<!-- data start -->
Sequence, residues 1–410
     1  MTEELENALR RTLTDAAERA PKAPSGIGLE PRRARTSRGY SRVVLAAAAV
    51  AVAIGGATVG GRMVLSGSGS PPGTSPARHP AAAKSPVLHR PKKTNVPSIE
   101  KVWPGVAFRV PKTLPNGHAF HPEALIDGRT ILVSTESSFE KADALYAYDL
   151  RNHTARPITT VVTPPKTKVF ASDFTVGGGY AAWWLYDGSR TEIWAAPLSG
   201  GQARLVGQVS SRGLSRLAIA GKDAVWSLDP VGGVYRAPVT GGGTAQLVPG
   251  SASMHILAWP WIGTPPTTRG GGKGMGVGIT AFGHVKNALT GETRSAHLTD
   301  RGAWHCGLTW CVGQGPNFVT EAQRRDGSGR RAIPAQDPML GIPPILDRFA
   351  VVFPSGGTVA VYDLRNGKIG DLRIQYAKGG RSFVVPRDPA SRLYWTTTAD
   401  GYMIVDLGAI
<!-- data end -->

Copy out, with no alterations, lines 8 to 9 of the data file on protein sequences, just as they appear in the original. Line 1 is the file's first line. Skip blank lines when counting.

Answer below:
   301  RGAWHCGLTW CVGQGPNFVT EAQRRDGSGR RAIPAQDPML GIPPILDRFA
   351  VVFPSGGTVA VYDLRNGKIG DLRIQYAKGG RSFVVPRDPA SRLYWTTTAD